I'm absolutely SOLD on audiobooks. How did I ever drive long distances (i.e., more than 10 minutes) without them? I listened to three in July.
First, I indulged in two Maisie Dobbs mysteries: Among the Mad, and An Incomplete Revenge. (Although I really want to read the series from the beginning, these two were available at the library and I needed books!) Each takes place in the early 1930s, and each shows how the horrors of the European War continued to be lethal long after the war ended. Maisie Dobbs is a trained psychologist as well as a trained investigator, and she uses both her training and strong intuition to solve her cases.
Maisie herself was injured when she worked as a nurse in wartime France. She recovered, but her fiance was injured severely, and still lay, insensible, in a nursing home. Among the Mad brings her back to the shell-shocked soldiers she had cared for in France, and presents a murderer whose alleged purpose is to bring attention to the way these injured soldiers have been treated by the English government. An Incomplete Revenge takes Maisie to the country during hop-picking time, where she investigates a series of fires that seem to occur yearly at the anniversary of a Zeppelin attack. A Romany clan is suspectected by the townspeople, as are the outsiders who come to earn money by helping with the harvest. The European War figures in this book, as well as an intrepid woman reporter looking for the story that will establish her as a journalist.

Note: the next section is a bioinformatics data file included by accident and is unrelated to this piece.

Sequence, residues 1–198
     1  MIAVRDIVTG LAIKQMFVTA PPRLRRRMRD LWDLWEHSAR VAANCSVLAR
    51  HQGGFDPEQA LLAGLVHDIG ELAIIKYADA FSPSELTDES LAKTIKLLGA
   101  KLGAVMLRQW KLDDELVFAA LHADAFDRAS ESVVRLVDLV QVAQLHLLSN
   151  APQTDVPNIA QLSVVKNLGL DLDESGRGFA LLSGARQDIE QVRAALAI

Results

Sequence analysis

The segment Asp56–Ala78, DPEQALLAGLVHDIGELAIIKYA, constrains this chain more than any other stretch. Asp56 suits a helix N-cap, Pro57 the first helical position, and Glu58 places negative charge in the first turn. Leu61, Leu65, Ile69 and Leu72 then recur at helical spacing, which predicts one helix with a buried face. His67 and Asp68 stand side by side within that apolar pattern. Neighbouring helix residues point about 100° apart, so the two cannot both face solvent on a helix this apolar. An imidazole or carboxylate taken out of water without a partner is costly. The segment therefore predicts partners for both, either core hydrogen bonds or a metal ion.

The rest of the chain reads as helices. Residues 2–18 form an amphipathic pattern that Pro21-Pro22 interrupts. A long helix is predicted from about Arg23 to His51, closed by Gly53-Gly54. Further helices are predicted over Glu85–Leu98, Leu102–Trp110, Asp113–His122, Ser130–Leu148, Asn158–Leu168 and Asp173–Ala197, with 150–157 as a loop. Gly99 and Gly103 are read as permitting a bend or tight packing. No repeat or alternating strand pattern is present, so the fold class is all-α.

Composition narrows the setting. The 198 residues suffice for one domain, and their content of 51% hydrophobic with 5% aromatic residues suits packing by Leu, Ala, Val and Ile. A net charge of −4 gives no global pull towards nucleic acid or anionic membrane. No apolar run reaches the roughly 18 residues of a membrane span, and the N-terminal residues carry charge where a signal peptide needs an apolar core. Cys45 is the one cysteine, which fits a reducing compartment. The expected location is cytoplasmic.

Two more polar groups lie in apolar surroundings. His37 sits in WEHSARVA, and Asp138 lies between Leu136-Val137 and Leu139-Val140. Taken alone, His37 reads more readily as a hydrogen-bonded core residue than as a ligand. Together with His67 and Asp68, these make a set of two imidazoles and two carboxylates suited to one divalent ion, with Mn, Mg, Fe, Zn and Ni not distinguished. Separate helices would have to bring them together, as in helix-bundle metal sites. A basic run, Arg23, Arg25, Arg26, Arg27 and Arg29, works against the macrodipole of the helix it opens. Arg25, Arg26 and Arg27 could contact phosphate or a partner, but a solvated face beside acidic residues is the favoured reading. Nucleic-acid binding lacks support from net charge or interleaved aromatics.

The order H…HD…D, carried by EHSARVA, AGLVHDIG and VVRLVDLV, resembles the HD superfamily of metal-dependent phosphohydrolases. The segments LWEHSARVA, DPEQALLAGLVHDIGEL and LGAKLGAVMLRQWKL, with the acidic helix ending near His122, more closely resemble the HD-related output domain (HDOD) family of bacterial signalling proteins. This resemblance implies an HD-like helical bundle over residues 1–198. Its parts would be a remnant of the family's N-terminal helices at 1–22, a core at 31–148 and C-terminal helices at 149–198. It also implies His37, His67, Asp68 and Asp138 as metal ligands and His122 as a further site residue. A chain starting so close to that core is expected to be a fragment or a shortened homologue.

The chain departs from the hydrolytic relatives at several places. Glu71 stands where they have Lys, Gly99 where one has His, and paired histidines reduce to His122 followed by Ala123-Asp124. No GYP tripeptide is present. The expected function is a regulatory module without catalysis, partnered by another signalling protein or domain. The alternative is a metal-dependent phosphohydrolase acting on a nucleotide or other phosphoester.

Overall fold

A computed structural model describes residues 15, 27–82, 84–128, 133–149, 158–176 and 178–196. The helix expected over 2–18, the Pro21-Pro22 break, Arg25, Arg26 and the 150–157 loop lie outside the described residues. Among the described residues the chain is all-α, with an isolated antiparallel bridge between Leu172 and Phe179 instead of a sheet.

The third book I enjoyed in the car was a Miss Marple mystery: Sleeping Murder. Did Agatha Christie ever miss with Miss Marple? I don't think so. This book, published posthumously, depicts Miss Marple assisting a young couple investigating the Victorian house they just have purchased. Gwenda, the young wife, has frightening flashbacks that convince her she has not only lived in the same house, but witnessed a murder there 18 years ago. Miss Marple does not interfere in their investigation, but quietly makes inquiries in the town and suggests pathways for Gwenda and Giles to follow. Would it have been better to let sleeping murders lie?
Oh, and Dead Can Dance? I also listen to music in the car. Right now I'm listening to Aion, their Renaissance-tinged album released in 1990. If you never heard Lisa Gerrard's magical voice, and if you would like to be swept into another world, this is the album for you. It certainly is for me.
If the dead can sleep, I like to think they also can dance...